In the UK, CPI year on year for September ticked up to 3.0%—the highest reading in over five years—while core inflation remained at 2.7%. Retail sales growth fell to 1.2% year on year—half of August’s reading—as UK consumers felt the inflation and real wages squeeze. However, UK GDP for the third-quarter came in ahead of expectations, with a reading of 0.4% quarter on quarter vs. the predicted 0.3%. The FTSE all share gained 1.7% on the month, while sterling weakened 1.0% against the dollar.

Exhibit 2: World stock market returns (local currency)

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Source: FactSet, FTSE, MSCI, Standard & Poor's, TOPIX, J.P. Morgan Asset Management. All indices are total return in local currency. Data as of 31st October 2017

The strong data out of the US in October continued. Unemployment fell further, with September’s reading dropping to 4.2%—a level last matched in February 2001. September’s non-farm payrolls dipped significantly, as the data showed there were 33,000 fewer jobs for the month compared with the 156,000 added in August. This can be attributed to the effects of Hurricanes Irma and Harvey, thus we would expect to see a bounce-back in next month’s reading. The US ISM manufacturing survey came out at 58.7 in October. Although non-farm payrolls fell, the underlying labour market picture remained healthy and showed signs of rising wages: average hourly earnings grew 2.9% year on year compared with the previous month’s reading of 2.5%.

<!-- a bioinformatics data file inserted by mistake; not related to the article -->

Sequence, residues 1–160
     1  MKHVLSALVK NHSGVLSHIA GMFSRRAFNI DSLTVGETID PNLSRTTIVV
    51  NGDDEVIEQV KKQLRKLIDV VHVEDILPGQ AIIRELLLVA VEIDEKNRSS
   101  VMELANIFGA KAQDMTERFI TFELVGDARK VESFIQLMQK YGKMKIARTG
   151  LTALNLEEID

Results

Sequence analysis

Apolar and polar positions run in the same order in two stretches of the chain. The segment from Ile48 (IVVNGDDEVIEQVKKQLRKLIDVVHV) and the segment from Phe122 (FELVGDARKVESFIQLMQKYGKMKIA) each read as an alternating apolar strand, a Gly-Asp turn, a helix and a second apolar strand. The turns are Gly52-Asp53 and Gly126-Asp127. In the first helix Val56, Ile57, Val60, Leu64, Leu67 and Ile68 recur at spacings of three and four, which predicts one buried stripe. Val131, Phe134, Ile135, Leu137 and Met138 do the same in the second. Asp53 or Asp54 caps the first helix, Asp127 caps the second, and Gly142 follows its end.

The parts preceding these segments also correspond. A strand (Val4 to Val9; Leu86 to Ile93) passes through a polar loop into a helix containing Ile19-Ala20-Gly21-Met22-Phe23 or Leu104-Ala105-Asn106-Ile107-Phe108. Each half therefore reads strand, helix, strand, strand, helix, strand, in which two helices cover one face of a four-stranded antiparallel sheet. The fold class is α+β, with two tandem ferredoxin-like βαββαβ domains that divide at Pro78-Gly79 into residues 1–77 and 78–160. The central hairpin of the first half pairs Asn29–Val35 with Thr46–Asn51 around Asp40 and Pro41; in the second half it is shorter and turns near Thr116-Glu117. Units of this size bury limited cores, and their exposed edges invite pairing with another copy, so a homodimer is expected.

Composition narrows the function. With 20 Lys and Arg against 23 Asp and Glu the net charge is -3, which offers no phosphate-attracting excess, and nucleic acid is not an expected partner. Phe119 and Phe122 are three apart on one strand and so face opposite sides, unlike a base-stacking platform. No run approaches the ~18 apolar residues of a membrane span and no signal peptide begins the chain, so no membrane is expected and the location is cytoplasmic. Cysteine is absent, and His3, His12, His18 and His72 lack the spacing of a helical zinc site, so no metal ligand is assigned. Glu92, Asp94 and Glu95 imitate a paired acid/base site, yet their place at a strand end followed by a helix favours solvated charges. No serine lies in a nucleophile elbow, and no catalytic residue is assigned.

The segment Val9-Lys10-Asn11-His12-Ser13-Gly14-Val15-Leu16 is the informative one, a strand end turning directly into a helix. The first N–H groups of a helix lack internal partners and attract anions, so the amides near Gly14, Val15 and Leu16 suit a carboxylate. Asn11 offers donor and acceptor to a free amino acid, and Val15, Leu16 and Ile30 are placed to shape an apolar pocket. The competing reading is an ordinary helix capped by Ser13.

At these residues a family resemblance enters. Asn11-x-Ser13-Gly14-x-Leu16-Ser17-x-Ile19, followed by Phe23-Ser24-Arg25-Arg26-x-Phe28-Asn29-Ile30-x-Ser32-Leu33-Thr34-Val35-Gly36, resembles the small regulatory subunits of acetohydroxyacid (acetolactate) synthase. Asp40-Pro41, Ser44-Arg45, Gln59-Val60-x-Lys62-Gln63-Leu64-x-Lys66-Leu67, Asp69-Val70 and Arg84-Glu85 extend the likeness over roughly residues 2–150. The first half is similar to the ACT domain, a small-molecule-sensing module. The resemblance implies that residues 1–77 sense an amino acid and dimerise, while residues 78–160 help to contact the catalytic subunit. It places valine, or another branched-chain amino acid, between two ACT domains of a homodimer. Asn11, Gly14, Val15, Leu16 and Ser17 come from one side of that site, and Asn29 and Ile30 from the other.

The heartbeat of the US economy, the consumer, was alive and well in October. The University of Michigan Sentiment index for October charged upwards to a reading of 100.7, well above a predicted 95.0. Industrial production showed some recovery from August’s reading of -0.7% to 0.3% for September, showing that the effects of the storms look to be short term. The Philly Fed Business outlook for October reinforced the positive outlook for business investment, coming in at 27.9—well above expectations and last month’s reading. Overall, these past few years of solid US macroeconomic growth mean companies are able to deliver quarter after quarter of positive earnings results. The third-quarter S&P 500 earnings season kicked off, and at the end of the month, with two-thirds of the index having reported, year on year EPS growth was around 7%, and nearly 5% ex-energy. S&P 500 price levels responded to positive earnings surprises gaining 2.3% over the month, taking the year-to-date rally to 16.9%. The S&P 500 price/earnings ratio ended the month at 18.1.

Exhibit 3: Fixed income sector returns (local currency)